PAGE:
436 F2d 491 Application of John Charles Cavanagh
436 F.2d 491
Application of John Charles CAVANAGH.
Patent Appeal No. 8414.
United States Court of Customs and Patent Appeals.
January 28, 1971.
Linton & Linton, Washington, D. C., attorneys of record, for appellant. Ulle C. Linton, Washington, D. C., of counsel.
S. Wm. Cochran, Washington, D. C., for the Commissioner of Patents. Lutrelle F. Parker, Washington, D. C., of counsel.
Before RICH, ALMOND, BALDWIN and LANE, Judges, and NEWMAN, Judge, United States Customs Court, sitting by designation.
This appeal1 is from the decision of the Patent Office Board of Appeals insofar as it affirmed the rejection of claims 1, 2, 4, 5, 21, and 22 in appellant's reissue application serial No. 371,862, filed April 20, 1964, for a "Process for the Production of Protein Enriched Material From Protein-Containing Materials Having a Relatively High Water Content." We affirm.
The claimed process is for producing a protein-enriched product from water-and protein-containing materials of animal origin, such as waste from abattoirs, fish-processing plants, and whaling stations. Claim 21, which is new to the reissue application, reads as follows, with subparagraphing and emphasis supplied:
21. A process for producing a protein enriched product from a proteinaceous materials [sic] of animal origin having a water content of at least 20% consisting
in introducing the proteinaceous materials of animal origin into a flow of at least one organic solvent capable of mixing with water and of dissolving fat and having a boiling point below that of water moving in a counter direction to said material,
in agitating said material in the presence of said solvents and
in pressing the liquids therefrom in successive stages,
the fresh solvent being introduced to said material at the final one of said stages when the fat and water content2 are least,
the liquids from the aforementioned stages including dissolved fat, flowing onto oncoming new material in the first of said stages where the fresh material is introduced and from which stage all liquid is drained from the process,
the temperature of the material and liquid in said first stage being elevated to the point of rendering the fat in said material,
the volume of solvent admitted to the process in said final stage being regulated so that the solvent of the liquid encountering the new material in said first stage will combine with the water available from said material while substantially failing to combine with the rendered fat and substantially separating from the fat of other stages, the liquid drained from said first stage thus separating into two phases, one of which contains substantially all of the water3 and the other substantially all of the fat.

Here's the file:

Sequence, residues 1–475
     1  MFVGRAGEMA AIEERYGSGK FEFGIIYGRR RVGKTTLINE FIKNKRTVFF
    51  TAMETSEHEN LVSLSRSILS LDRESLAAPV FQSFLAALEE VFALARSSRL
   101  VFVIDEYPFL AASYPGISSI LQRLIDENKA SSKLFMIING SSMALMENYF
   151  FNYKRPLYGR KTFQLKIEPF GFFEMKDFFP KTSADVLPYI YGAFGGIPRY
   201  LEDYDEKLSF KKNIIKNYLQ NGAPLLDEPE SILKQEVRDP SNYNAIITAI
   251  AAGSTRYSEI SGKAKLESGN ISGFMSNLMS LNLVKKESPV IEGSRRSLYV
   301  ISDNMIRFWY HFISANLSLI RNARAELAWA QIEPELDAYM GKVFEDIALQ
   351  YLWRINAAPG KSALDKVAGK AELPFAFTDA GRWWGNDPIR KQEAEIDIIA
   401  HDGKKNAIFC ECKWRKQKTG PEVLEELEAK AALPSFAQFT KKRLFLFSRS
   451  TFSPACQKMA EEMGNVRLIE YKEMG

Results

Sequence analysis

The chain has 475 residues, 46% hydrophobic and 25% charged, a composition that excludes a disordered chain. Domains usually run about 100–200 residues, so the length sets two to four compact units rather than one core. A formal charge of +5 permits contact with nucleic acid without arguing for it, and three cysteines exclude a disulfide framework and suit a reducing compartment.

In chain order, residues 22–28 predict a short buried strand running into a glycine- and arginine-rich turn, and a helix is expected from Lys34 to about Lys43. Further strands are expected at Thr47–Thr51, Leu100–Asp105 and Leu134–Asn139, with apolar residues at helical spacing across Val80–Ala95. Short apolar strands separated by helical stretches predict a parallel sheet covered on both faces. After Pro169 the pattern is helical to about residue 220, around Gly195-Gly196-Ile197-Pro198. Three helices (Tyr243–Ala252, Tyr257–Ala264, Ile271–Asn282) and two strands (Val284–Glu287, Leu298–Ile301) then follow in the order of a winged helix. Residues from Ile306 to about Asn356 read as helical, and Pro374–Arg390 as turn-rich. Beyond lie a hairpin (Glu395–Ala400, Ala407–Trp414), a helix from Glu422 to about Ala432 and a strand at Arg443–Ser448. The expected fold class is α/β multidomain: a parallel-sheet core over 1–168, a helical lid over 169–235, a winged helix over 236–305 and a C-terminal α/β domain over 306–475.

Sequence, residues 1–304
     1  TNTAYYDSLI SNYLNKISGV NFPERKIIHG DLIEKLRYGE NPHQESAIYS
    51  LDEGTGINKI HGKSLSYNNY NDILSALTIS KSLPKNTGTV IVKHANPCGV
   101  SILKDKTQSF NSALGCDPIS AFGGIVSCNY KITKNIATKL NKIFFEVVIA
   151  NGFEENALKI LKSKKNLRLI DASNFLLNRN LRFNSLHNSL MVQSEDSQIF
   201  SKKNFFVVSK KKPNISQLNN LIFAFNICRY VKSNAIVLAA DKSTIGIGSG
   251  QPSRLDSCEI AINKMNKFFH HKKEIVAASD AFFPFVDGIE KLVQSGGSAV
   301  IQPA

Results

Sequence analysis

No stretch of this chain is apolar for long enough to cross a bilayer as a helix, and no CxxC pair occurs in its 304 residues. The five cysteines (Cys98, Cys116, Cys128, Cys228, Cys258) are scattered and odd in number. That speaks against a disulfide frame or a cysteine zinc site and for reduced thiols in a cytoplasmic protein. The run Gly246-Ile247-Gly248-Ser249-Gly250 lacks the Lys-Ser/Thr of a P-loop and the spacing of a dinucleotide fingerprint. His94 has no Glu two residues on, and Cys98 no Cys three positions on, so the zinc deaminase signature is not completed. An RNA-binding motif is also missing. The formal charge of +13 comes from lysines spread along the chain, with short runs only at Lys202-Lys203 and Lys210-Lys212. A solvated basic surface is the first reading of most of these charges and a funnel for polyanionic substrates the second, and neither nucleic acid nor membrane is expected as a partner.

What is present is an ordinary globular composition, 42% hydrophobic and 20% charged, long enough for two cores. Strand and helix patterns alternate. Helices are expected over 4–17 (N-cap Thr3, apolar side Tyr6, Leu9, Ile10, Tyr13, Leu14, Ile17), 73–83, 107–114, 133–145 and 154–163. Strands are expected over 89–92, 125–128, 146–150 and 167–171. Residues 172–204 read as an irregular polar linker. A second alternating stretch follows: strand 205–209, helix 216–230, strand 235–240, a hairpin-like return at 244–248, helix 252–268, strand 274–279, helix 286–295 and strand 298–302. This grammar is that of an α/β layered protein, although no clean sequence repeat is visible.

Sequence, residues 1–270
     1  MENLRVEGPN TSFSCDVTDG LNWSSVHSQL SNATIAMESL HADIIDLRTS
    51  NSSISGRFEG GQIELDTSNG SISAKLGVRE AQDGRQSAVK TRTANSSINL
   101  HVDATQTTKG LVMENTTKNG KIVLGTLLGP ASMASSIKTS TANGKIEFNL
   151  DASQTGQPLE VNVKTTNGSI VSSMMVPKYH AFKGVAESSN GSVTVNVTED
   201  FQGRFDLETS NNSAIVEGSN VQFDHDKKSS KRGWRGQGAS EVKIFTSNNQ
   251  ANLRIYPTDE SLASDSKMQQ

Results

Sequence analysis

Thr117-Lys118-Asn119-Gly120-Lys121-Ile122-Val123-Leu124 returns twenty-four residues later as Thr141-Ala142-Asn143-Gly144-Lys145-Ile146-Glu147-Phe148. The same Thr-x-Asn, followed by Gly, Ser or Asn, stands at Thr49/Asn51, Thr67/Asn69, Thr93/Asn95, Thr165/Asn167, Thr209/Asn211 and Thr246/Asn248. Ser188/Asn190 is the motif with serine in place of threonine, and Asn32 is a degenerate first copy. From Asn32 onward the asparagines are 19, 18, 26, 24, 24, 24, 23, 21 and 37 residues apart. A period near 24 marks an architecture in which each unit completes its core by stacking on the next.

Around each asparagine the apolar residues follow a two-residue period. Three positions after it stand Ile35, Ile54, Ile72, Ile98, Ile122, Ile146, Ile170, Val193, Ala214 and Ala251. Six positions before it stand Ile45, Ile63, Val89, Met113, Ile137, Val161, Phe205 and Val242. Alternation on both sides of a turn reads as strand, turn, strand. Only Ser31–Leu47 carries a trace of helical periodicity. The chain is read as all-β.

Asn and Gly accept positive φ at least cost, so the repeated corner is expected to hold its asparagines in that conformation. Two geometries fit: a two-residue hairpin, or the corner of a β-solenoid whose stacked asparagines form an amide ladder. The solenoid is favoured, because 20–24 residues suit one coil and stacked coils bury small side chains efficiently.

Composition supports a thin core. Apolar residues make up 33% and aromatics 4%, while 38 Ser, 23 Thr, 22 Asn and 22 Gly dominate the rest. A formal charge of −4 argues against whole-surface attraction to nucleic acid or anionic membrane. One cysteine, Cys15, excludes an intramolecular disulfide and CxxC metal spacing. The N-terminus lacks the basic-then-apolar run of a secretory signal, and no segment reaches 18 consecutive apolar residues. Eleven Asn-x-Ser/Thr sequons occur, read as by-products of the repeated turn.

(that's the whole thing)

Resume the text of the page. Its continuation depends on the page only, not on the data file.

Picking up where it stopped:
The output of the process is dehydrated, fat-free, protein-containing material at one end and a liquor comprising melted fat, water, and solvent at the other. The regulation described in the final subparagraph is designed to insure that the fat is present in the outgoing liquor as a phase separate from the water-solution. If too high a percentage of solvent is present in the outgoing liquor, the fat will go into solution. The apparent purpose of the regulation is to facilitate subsequent separation of the three principal components of the outgoing liquor.
Claim 1 contains the additional step of "reducing the water content of the proteinaceous materials of animal origin to below 60%," which step is carried out before the other three steps. Claim 4 contains no such additional step, but does specify that the process input has "a water content of at least 20% and below 60%." Claim 2, which depends from claim 1, and claim 5, which depends from claim 4, both specify that the solvent used in the process set forth in the claim from which each depends is acetone. Claim 22 is independent, but the only difference between it and claim 21 which is relevant here is that it, too, specifies that the solvent used in the claimed process is acetone.
The claims differ from one another in additional minor respects not relevant to this appeal. However, they all set forth a countercurrent process operating upon proteinaceous materials of animal origin initially having a water content of at least 20%. The significance of the 20%water-content limitation is apparent from the specification, which explains that: